Although I think there may be an audio tape of the event, I caution that these are my recollections. I’m sure, once the tape comes out, we will all hear how inarticulate I actually was. Something to look forward to. In the meantime, I figure I might as well give a rough accounting for those who are interested. As several attendees noted after the exchange, there is always more than one side to every story.

Ms Dale introduced herself and said that she thought my presentation was not as critical as it could have been. She noted that her firm had been quite critical of the outcome and had learned many important lessons. She didn’t have questions so much as comments. The first of which, a big lesson learned, was the importance of translation–simply, good translation–which apparently hindered the effective communication of ideas and concepts.

In regard to the point of the yards being too small for animals, she noted that during the time of the design, SARS was floating around Asia. SARS, she reminded us, was a devastating, deadly illness. “They told us” that the animals would have to be kept separate from the houses.

And she seemed to question the fairness or purpose of this session because neither she nor anyone else from William McDonough + Partners was on the stage.

From what I recall, those were her main points.

I have a few initial thoughts that will no doubt be refined over time. Some of these points I managed to mention on stage; others have bubbled up since then, classic examples of l’esprit d’escalier. I neglected to address the SARS point while on stage, simply because I forgot. But that’s what blogs are for, I guess.

1. In regard to translation, two names immediately came to mind: Zhong Ping and Wang Miansheng. As far as I know, both are Chinese, native speakers. Both were employees of the China-US Center for Sustainable Development, which was the key coordinating organization for this project. These are people who have some influence within the organization and are familiar with the project, with China, with all the key elements of this effort. In fact, this is why I hoped to find Zhong Ping while I was in China (he was traveling); and asked to interview Wang Miansheng after returning to the U.S. (also traveling). To say that translation is a problem doesn’t jibe with having men like these on board.

Still, on the merits of Ms Dale’s translation point, I have to ask: if McDonough + Partners is a sophisticated design firm of international scope, why couldn’t they manage to hire one good translator in China? Hundreds if not thousands of other companies do it every day. I did it on a shoestring budget.

2. This SARS point. In the context of the Huangbaiyu story, this is news to me. When Ms. Dale says “they” told her colleagues about this design restriction, I’d like to know who “they” are. This issue is certainly not mentioned in the vision plan to justify the planners’ admission that “the yards may be too small to support the number of livestock that currently occupy many yards in the village.” My understanding is that this was written in 2004, or thereabouts, which places it after the main SARS outbreak. If SARS were a concern, why didn’t it say, “The yards have now been designed too small to support livestock in order to keep them away from humans due to disease concerns,” or something like that?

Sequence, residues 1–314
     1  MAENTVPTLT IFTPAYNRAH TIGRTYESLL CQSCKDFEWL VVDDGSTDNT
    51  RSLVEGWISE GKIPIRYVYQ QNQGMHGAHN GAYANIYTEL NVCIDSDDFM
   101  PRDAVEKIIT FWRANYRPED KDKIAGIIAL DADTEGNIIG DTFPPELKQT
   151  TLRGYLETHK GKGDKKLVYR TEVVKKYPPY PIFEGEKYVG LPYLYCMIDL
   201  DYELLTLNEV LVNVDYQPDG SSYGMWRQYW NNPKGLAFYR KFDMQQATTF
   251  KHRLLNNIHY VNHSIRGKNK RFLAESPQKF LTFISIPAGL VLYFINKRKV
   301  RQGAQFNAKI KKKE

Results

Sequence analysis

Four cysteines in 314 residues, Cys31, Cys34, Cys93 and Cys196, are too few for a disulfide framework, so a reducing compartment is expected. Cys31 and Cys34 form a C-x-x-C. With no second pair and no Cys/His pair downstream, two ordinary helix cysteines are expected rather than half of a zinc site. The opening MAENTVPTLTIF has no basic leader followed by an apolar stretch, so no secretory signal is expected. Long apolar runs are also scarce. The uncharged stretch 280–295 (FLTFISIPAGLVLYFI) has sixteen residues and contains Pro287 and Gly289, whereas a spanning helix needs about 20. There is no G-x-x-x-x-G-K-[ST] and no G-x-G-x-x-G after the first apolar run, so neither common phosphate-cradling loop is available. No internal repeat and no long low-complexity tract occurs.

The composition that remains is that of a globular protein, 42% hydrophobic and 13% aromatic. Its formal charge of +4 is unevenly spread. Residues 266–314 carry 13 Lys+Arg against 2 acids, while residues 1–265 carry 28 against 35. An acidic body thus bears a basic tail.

If this separation rule were an order from the central government, anyone familiar with the way things work in China will understand that just because the central government says it should happen, it doesn’t always happen on the ground, for better or worse. Had they ever heard of that?

For that matter, even if the animals were to be separated, what would be the method of taking care of them? Lone outposts of pigs and goats that farmers must trudge through the winter snows to feed and water every day? Should someone be posted nearby to guard them? Or would it be a single, collective space, where the community’s animals would live and which would probably begin to resemble a factory farm?

Frankly, I would have heard about the SARS issue much earlier had McDonough + Partners actually told me; but a year ago, they weren’t talking to me; before that, McDonough was publicly blaming the developer for the project’s outcome.

And in any case, as a journalist it’s not always enough for me to rely on what “they” tell me–it’s often better to just go and have a look myself. That’s why I went to Huangbaiyu rather than simply report on what McDonough + Partners might have told me here in America. I would hope a community designer would do the same: visit the place and take a walk around. It soon becomes clear that these farmers do live near and interact with their animals.